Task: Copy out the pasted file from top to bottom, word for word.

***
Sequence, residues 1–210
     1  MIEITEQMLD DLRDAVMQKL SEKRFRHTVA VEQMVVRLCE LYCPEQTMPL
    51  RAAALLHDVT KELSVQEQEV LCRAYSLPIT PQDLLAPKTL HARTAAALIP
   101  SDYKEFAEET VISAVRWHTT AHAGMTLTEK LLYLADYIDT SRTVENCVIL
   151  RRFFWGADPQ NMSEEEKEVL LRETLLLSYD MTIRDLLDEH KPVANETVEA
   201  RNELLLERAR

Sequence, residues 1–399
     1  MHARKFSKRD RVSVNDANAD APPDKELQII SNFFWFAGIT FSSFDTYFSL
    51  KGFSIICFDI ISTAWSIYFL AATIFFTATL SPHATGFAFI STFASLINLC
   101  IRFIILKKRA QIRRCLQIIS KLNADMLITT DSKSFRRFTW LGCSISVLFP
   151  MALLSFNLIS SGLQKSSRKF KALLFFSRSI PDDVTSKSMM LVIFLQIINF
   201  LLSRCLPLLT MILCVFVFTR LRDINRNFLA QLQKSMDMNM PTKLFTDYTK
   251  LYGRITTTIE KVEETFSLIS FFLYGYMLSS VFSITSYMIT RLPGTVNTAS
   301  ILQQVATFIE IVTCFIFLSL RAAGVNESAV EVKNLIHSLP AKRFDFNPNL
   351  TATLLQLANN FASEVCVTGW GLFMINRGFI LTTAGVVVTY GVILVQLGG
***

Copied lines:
Sequence, residues 1–210
     1  MIEITEQMLD DLRDAVMQKL SEKRFRHTVA VEQMVVRLCE LYCPEQTMPL
    51  RAAALLHDVT KELSVQEQEV LCRAYSLPIT PQDLLAPKTL HARTAAALIP
   101  SDYKEFAEET VISAVRWHTT AHAGMTLTEK LLYLADYIDT SRTVENCVIL
   151  RRFFWGADPQ NMSEEEKEVL LRETLLLSYD MTIRDLLDEH KPVANETVEA
   201  RNELLLERAR

Sequence, residues 1–399
     1  MHARKFSKRD RVSVNDANAD APPDKELQII SNFFWFAGIT FSSFDTYFSL
    51  KGFSIICFDI ISTAWSIYFL AATIFFTATL SPHATGFAFI STFASLINLC
   101  IRFIILKKRA QIRRCLQIIS KLNADMLITT DSKSFRRFTW LGCSISVLFP
   151  MALLSFNLIS SGLQKSSRKF KALLFFSRSI PDDVTSKSMM LVIFLQIINF
   201  LLSRCLPLLT MILCVFVFTR LRDINRNFLA QLQKSMDMNM PTKLFTDYTK
   251  LYGRITTTIE KVEETFSLIS FFLYGYMLSS VFSITSYMIT RLPGTVNTAS
   301  ILQQVATFIE IVTCFIFLSL RAAGVNESAV EVKNLIHSLP AKRFDFNPNL
   351  TATLLQLANN FASEVCVTGW GLFMINRGFI LTTAGVVVTY GVILVQLGG